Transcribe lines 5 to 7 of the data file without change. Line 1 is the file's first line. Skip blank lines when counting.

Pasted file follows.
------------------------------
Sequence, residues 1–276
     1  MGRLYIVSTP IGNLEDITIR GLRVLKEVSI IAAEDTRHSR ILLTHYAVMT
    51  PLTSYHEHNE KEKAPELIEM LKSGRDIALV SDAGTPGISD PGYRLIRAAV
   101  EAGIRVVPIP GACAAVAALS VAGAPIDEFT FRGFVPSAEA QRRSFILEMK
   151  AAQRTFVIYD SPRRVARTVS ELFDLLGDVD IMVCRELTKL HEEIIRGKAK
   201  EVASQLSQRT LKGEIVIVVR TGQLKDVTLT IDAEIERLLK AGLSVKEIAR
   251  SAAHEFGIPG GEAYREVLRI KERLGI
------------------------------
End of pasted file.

   151  AAQRTFVIYD SPRRVARTVS ELFDLLGDVD IMVCRELTKL HEEIIRGKAK
   201  EVASQLSQRT LKGEIVIVVR TGQLKDVTLT IDAEIERLLK AGLSVKEIAR
   251  SAAHEFGIPG GEAYREVLRI KERLGI